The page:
“Dance for the Aina” by Clemence McLaren

Dance for the Aina

In 1993, 12-year old hapa-haole (part-Hawaiian, part-Caucasian) Kathryn Kahele and her family – her father Robert, a lawyer who wants to fight for Hawaiian water rights, and her older brother David – move from their home in Pasadena, California to a small apartment in Honolulu, Hawaii.

It’s a big change for Kate: she looks different, taking after her Caucasian mother; she doesn’t speak pidgin; she doesn’t like Hawaiian food; and she doesn’t feel as if she belongs. She is shy and quiet, and doesn’t like to confront other people. She is uncomfortable with her father’s family – her domineering Uncle Kimo and silent Auntie Alohi – and at school, where she is taunted by her classmate Chad. For the first time, she experiences the kind of prejudice and discomfort that her brother David felt in California.

Then Kate begins learning hula (dance) with her classmate Mehana and kumu Kalama’s hālau (group). Just as she starts to feel connected with her friends and Hawaii, a bike crash leave with Kate with a cracked rib – and spurs her family to make a renewed effort to make her feel like she belongs.  And a hula performance at a Hawaiian protest at ‘Iolani Palace leads to Kate finding her voice and her family coming together for a ho’oponopono (healing session).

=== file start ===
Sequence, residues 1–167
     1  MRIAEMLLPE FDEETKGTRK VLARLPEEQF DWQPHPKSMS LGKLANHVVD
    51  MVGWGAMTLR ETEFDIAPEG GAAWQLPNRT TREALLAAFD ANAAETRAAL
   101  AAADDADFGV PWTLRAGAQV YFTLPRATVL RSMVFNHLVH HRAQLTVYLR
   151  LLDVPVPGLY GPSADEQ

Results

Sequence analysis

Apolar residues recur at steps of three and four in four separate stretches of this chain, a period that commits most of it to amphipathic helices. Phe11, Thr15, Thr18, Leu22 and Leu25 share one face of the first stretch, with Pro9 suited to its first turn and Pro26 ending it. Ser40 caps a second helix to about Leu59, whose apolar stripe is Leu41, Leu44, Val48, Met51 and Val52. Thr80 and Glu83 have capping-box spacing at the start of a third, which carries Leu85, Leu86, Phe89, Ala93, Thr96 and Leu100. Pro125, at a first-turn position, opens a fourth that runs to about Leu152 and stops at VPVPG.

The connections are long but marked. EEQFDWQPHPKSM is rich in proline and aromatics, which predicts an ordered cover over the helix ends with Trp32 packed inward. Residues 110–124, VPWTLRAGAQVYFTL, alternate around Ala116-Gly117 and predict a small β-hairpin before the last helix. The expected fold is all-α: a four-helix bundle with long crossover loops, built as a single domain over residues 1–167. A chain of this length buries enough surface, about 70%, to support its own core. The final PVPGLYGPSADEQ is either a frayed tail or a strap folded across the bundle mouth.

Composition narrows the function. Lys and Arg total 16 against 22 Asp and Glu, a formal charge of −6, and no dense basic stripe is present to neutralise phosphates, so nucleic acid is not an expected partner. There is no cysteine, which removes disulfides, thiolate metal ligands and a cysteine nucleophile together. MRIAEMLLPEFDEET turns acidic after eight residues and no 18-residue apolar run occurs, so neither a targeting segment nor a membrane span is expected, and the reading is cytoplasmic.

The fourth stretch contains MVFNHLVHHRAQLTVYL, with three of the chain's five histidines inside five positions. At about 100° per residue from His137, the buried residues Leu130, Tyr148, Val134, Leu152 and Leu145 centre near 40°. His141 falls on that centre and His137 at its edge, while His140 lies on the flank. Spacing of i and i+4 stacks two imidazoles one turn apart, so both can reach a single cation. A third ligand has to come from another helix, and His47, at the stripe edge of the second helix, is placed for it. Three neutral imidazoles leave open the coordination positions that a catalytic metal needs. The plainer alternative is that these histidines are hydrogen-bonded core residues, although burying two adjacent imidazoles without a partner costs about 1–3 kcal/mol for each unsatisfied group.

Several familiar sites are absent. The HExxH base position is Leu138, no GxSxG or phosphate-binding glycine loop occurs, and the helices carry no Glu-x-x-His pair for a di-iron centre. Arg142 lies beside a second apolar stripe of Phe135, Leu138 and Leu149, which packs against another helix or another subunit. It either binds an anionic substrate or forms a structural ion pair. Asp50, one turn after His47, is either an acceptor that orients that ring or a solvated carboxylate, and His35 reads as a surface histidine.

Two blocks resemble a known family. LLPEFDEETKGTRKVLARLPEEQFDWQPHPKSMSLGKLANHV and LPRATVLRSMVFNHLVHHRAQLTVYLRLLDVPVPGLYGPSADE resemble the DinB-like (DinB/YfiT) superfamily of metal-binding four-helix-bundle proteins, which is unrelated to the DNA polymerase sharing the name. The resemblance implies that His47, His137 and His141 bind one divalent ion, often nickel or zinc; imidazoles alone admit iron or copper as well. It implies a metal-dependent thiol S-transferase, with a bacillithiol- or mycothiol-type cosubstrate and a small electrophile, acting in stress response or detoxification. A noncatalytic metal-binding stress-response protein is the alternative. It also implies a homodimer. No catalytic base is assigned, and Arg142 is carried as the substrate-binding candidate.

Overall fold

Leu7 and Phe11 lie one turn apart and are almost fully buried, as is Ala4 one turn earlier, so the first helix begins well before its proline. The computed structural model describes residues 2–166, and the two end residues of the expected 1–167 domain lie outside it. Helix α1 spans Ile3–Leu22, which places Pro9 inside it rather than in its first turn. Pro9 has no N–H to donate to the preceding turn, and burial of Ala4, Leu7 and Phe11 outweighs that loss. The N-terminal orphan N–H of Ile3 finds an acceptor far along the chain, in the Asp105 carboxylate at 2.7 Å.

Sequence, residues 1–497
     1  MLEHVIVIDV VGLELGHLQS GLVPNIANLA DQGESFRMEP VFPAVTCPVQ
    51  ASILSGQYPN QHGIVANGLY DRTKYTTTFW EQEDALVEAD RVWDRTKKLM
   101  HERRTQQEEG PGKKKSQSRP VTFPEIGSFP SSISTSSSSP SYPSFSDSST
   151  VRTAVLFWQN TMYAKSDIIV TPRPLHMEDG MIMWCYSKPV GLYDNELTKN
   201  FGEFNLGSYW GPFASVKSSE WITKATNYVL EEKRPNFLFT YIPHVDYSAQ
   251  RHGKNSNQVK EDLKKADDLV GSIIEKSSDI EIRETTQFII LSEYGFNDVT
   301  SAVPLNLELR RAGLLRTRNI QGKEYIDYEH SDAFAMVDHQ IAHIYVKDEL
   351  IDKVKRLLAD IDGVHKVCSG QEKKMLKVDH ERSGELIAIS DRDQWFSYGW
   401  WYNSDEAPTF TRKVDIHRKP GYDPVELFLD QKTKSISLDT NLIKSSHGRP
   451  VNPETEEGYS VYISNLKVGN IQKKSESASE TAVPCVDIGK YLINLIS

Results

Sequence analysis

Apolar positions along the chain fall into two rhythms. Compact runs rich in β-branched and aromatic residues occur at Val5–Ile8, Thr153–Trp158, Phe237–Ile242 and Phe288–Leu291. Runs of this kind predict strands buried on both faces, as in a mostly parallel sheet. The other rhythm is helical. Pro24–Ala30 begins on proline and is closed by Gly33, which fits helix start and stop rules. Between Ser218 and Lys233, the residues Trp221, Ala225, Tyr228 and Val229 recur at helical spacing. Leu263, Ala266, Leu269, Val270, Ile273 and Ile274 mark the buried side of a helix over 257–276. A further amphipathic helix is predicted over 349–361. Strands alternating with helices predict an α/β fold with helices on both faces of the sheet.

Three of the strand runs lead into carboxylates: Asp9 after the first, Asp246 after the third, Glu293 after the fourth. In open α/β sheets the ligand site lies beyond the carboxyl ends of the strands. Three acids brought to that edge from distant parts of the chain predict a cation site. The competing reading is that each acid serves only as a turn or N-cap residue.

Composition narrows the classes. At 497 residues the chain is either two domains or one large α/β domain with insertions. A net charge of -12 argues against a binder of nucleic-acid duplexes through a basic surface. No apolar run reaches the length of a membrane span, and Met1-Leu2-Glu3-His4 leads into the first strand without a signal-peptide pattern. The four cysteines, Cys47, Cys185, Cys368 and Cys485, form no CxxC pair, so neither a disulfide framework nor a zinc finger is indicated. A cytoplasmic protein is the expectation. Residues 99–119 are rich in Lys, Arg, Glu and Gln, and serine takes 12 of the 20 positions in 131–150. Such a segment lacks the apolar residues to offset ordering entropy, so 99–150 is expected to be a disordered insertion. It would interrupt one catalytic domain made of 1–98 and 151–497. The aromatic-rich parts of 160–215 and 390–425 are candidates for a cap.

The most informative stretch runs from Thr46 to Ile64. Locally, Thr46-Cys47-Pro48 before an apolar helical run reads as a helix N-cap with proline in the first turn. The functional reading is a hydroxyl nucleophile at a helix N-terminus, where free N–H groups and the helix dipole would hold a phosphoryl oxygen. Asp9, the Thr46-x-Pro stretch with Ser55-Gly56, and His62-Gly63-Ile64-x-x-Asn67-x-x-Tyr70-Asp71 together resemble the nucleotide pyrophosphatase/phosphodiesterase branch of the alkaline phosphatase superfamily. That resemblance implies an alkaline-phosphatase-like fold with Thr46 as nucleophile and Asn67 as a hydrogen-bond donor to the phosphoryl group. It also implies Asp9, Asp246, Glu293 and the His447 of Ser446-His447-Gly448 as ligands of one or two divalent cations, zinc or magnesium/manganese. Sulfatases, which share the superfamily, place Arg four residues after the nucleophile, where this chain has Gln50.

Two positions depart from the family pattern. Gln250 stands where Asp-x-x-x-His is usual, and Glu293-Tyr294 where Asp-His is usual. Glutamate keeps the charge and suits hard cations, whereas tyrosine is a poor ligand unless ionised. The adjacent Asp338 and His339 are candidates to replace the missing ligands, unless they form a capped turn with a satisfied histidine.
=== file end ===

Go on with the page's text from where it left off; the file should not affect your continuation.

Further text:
“Dance for the ‘Āina” (2003) by Clemence McLaren is a young adult novel about finding where you belong, standing up for yourself, how the past influences the present, how difficult it is to choose not to hate, judging people by their appearance, forgiveness, and connecting with the ‘āina (land) and nature. Through Kate, we see race relations and prejudice based on skin color. She begins to build a spiritual connection to home, not just a place where she lives. Alohi says, “Our ancestors believed that when you sat on the land, or better yet, slept on it, then the dust would come into your bones. I wanted you to know you’re a keiki o ka ‘āina, a child of the land.”

Through hula, Kate connects with people and finds a sense of family and belonging. “When the dancing was going well, as it was then, Kate felt at one with the music and with the whole universe.” Hula lets Kate express herself with movements and words, and later gives her the confidence to explain the sovereignty movement on television. Hula also helps people understand what the Hawaiians have lost.

The novel takes place in 1993, the year that President Bill Clinton issued an “Apology Resolution” to Native Hawaiians that acknowledged the overthrow of the Hawaiian monarchy in 1893. McLaren portrays a realistic Hawaii in which some Hawaiians are angry over injustices in the past, Hawaiian families are torn apart by the debate over sovereignty, and people are judged by their appearance or last name. Kate’s father argues constantly with her uncle about Hawaiian sovereignty (recognition vs. independence).

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